As many businesses reopen to the public following the COVID-19 lockdown, the Information Commissioner's Office (ICO) has provided guidance to help them comply with data protection regulations when collecting customers' and visitors' information for contact tracing purposes. Noting that many organisations will not have collected such information before, the ICO outlines five steps to ensure that this is done in a way that does not fall foul of the law:

  • Ask only for what's needed – You should only ask customers for the information set out in government guidance, for example their name and contact details and the time they arrived. People should only be asked to prove their details using identity verification if this is standard practice for your business.
  • Be transparent with customers – You should be clear, open and honest about what the information you collect will be used for. If you already collect customers' details (e.g. for bookings), you should be clear that this information may also be used to support contact tracing.
  • Carefully store the data – For digital records, this means ensuring they are stored securely. Paper records should be locked away when not in use.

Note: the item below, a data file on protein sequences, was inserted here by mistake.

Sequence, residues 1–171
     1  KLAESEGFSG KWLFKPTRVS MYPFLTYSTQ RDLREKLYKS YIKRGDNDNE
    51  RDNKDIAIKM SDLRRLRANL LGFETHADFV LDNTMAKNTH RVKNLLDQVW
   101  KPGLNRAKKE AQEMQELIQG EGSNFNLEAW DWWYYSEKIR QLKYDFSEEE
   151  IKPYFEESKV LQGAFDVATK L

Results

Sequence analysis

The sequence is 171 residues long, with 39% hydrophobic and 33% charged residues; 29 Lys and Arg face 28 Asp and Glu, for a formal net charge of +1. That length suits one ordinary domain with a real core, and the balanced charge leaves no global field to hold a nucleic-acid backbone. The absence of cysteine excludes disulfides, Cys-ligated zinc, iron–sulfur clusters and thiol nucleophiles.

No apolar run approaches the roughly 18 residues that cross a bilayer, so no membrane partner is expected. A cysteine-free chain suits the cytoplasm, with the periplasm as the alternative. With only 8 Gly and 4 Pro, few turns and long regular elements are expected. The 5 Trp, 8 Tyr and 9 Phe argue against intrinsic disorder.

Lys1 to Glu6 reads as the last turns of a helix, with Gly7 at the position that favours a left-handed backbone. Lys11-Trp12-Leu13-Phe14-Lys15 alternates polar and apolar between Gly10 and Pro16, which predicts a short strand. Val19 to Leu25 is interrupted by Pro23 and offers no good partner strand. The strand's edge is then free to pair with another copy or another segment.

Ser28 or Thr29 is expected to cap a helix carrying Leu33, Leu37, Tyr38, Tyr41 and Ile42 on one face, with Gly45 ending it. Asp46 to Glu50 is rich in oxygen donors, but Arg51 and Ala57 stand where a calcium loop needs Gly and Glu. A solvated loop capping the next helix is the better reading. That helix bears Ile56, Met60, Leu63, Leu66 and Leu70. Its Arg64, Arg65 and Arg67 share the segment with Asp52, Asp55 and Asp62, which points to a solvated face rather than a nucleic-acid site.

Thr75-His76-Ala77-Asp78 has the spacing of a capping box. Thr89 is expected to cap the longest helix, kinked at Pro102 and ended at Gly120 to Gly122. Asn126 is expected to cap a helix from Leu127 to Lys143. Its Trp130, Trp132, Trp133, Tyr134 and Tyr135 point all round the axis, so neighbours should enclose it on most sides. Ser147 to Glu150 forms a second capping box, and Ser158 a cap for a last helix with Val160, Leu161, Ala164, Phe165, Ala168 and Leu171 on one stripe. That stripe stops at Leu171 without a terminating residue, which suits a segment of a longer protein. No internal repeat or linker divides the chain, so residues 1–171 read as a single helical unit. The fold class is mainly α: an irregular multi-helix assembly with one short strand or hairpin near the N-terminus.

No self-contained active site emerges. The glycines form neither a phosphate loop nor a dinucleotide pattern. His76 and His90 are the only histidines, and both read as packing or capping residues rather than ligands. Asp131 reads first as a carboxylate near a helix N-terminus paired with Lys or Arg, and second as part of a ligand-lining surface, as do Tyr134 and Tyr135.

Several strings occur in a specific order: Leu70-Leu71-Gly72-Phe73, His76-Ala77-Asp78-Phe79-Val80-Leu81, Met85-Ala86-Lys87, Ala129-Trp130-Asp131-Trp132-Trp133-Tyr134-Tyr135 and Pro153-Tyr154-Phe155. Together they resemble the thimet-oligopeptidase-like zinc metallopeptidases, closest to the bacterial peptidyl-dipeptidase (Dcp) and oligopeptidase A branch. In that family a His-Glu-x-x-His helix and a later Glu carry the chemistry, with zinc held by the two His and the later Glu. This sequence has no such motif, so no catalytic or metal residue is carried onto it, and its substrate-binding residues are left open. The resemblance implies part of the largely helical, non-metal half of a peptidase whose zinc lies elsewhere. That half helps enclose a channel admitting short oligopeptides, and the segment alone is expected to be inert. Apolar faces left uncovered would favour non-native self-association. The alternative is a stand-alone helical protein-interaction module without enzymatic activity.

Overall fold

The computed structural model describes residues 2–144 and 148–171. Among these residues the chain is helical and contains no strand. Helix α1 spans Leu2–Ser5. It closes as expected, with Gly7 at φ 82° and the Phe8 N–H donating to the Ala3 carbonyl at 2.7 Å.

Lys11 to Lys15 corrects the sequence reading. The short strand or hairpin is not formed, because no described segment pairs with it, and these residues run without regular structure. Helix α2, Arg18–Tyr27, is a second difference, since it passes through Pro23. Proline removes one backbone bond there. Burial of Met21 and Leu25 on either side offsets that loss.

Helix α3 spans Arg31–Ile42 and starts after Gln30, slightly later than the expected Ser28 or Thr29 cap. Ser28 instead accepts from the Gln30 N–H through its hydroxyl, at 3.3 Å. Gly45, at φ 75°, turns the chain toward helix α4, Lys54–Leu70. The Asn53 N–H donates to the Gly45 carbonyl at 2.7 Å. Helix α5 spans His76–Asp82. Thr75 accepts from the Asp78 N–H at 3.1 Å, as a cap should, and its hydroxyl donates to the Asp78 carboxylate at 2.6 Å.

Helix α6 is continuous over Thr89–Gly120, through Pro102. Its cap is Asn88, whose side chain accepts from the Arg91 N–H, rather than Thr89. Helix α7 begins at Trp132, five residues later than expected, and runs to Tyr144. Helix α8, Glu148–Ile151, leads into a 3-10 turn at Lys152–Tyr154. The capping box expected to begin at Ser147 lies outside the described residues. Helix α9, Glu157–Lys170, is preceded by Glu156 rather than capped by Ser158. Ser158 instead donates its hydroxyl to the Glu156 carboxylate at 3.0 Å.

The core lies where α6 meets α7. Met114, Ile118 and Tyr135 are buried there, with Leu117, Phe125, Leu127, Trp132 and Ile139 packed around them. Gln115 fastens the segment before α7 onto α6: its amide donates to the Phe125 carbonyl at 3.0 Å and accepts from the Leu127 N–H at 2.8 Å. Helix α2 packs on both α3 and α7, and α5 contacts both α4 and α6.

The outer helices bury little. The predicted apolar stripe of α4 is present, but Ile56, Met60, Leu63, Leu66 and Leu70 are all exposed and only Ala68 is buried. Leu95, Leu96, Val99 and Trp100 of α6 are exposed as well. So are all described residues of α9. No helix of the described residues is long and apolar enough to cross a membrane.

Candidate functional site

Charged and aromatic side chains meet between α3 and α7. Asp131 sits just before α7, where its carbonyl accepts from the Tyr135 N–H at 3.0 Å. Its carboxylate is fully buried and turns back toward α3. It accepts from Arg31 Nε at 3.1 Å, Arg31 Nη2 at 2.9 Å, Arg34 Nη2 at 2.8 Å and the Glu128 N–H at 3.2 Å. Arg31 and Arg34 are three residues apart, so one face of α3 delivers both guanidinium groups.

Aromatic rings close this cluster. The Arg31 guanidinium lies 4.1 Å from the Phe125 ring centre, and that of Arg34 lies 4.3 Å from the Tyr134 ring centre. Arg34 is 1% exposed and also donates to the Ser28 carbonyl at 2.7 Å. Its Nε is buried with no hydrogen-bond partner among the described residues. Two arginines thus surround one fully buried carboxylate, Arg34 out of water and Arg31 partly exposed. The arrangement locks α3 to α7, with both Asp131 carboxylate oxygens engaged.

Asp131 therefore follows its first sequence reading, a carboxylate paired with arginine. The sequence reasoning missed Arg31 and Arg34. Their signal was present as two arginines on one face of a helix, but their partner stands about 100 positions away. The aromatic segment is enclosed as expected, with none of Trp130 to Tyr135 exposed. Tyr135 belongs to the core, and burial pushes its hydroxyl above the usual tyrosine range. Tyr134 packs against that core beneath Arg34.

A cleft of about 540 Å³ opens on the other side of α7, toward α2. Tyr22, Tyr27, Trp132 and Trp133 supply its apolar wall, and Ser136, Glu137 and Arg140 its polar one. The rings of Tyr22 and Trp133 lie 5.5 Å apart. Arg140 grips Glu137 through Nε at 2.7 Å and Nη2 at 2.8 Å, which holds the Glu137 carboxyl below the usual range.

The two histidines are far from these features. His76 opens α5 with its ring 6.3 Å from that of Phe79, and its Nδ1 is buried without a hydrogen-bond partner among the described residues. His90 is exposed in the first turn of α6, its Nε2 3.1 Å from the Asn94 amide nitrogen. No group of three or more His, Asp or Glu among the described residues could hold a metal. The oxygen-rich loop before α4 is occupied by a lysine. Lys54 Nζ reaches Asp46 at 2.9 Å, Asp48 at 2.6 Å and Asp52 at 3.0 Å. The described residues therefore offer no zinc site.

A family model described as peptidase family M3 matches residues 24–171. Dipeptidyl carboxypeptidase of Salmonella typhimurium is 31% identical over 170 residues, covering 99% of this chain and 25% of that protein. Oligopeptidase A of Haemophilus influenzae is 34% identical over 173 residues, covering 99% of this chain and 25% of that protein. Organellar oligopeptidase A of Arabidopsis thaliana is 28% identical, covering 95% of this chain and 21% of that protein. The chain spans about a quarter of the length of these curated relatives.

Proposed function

• Don't use it for other purposes – If you collect customer details for contact tracing purposes, you cannot use them for anything else (e.g. direct marketing or data analytics).
  • Erase it in line with government guidance – Personal data should be deleted when it is no longer needed. In this case, information collected for contact tracing reasons should not be kept longer than the government guidelines specify. Ensure you dispose of both physical and digital data securely.

More detailed guidance can be found on the ICO's website at https://ico.org.uk/global/data-protection-and-coronavirus-information-hub/coronavirus-recovery-data-protection-advice-for-organisations/collecting-customer-and-visitor-details-for-contact-tracing/

Contact Roy Colaba r.colaba@sydneymitchell.co.uk  or a member of our commercial team for advice on any data protection law matter.

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